According to some experts, the monetary policy helped stimulate U.S. economic activity in the aftermath of the Great Recession in 2008 since QE encouraged borrowing and spending. Despite this positive opinion, observers are still divided about QE’s impact on the country’s economy.
They believe that while QE can stimulate economic activity, it can also cause inflation if a central bank puts too much money into circulation.
Additionally, even though QE increases liquidity for banks, these institutions can choose not to scale their lending activities. When this happens, cash is simply held at banks while firms hoard money to protect themselves from an uncertain business environment.
The fiscal tool may also devalue the domestic currency as the supply of money increases. Once this happens, imports become more expensive, leading to an uptick in the cost of production and consumer prices.
Despite these risks, the Fed hasn’t stopped itself from using QE after implementing it for the first time in 2009.
Since then, the fiscal tool was used in 2010, 2012, and most recently, March 2020. That time, the U.S. economy took a huge beating due to the negative effects of the COVID-19 pandemic.
Now that we have a clear picture of how QE works, it’s time to discuss how it can impact the stock market.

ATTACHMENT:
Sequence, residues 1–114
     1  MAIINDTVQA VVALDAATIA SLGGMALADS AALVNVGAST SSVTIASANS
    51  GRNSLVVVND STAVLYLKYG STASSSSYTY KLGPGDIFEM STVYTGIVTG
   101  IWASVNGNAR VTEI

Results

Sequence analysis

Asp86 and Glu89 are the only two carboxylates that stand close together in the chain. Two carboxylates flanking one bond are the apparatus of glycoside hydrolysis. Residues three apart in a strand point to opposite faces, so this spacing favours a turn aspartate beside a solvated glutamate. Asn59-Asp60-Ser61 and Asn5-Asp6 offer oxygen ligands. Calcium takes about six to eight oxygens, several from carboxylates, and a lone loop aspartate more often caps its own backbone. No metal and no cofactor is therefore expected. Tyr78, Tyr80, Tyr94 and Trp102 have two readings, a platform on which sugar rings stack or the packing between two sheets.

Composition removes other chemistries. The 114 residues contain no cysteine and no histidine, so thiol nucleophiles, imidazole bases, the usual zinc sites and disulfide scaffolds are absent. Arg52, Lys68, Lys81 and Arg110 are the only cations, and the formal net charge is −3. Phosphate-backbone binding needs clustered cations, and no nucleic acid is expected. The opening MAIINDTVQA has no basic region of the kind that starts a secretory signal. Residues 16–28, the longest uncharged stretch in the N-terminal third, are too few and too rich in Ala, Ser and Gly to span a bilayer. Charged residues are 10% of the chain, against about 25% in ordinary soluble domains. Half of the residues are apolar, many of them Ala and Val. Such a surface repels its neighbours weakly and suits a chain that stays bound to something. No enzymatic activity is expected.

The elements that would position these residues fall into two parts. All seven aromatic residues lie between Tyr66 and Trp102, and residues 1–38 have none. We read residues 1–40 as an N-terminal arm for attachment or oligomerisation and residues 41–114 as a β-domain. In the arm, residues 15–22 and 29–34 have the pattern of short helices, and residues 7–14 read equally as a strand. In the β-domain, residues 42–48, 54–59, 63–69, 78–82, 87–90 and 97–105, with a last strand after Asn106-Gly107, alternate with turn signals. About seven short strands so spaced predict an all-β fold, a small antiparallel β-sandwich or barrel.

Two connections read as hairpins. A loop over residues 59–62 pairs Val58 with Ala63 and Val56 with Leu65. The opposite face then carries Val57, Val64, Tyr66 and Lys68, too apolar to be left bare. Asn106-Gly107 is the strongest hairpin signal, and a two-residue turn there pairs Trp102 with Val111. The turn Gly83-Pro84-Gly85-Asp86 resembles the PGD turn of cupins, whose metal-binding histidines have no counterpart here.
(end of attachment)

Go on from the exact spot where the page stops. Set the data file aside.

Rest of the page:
According to some financial experts, QE can boost U.S. stock market gains. However, there are other effects as well.
For starters, since the fiscal tool pushes interest rates down, the returns for safe investments like money market accounts, certificates of deposit (CDs), Treasuries, and corporate bonds go down. As a result, some investors might consider riskier investments to boost the performance of their respective portfolios.
Additionally, falling interest rates encourage companies to expand their businesses since the cost of borrowing goes down. When this happens, investors are more likely to buy stock, causing prices to rise.
According to some analysts and experts, the Fed can alter price signals in the stock market through QE. Under normal conditions, stock prices are determined through investor preferences, demand, and business conditions.